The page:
Many therapists following the private practice model — sitting with individual clients and couples once a week — lament the isolating aspects of their work arrangement. PC&CC’s Dr. Joanne Comstock has found the antidote to this situation, by balancing her time between seeing clients and teaching a crop of new helping professionals at Wesley Theological Seminary and Loyola University in Maryland.
“I like the difference between teaching and seeing clients throughout the week. I think it stretches me and helps me,” she says. “Students ask good questions. They make me think and stay on top of things that are new, so it’s engaging, and I know it helps my counseling work.”
Comstock has taught in Loyola’s Pastoral Counseling graduate program for several years, but moving to Wesley this fall will be new, yet familiar, territory.
“I received my master’s in theology from Wesley,” she explains. “I’m especially looking forward to teaching seminarians because I think it will be a new kind of experience and I know I will learn something from that, too.”
She will be teaching a family systems course that includes working with couples. “It’s to help them work with families in difficulty, and partnerships that are in difficulty. Part of the curriculum will be helping them understand when they need to refer families to mental health professionals.”
Comstock adds that the family systems approach has applications to the entire church body as well. “Some of the work will be helping clergy recognize that the church is like a family system, that it has the same issues and dynamics. We will work to help them understand communication patterns. It’s going to be an interesting class,” she notes.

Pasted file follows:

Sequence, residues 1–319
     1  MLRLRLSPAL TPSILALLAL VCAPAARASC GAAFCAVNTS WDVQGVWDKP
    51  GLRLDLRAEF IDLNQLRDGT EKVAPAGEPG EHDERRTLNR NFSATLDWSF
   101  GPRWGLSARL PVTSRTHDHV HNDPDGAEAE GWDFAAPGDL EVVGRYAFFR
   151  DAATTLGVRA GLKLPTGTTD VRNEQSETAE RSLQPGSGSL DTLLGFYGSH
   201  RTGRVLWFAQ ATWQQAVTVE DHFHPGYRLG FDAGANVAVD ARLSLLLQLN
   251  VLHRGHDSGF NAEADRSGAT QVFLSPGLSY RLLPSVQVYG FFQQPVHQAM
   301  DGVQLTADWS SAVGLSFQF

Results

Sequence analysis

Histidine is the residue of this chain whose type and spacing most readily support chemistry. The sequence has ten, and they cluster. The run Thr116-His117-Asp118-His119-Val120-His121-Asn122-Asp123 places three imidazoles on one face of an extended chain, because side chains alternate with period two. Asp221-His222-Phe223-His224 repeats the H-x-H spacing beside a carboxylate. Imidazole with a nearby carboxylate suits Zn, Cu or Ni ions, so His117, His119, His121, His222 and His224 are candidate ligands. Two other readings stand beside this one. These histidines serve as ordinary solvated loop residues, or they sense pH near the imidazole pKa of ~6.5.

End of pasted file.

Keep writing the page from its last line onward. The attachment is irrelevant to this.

Comstock has noticed that she seems to be pulled more toward the theological aspects of helping relationships lately, both in moving into the new position at Wesley and in adding some more theologically-based courses in Loyola’s M.A. program in pastoral care.
“At Loyola, I’ve taught classes in clinical case supervision, the helping relationship, and the Professional Seminar. Now I will teach the M.A. [program’s] course that is both academic and oversees an internship,” Comstock says. “I think the best part of teaching is the students. They bring a real energy and a real caring — they’re all people who are entering the field, usually from somewhere else, and want to make a difference. I get energized by it, too, because it pushes me to stay on top of things, and I think that’s good. It keeps me learning.”
In addition to teaching, Comstock continues to see a mix of clients — couples, adults, children, and clergy among them — who are facing issues such as anxiety, depression, sexual abuse, and relationship challenges. Meanwhile, she is making time to write articles about her research for potential publication.
Comstock works out of PC&CC’s Bethesda office and may be reached at 202-449-3789 x703.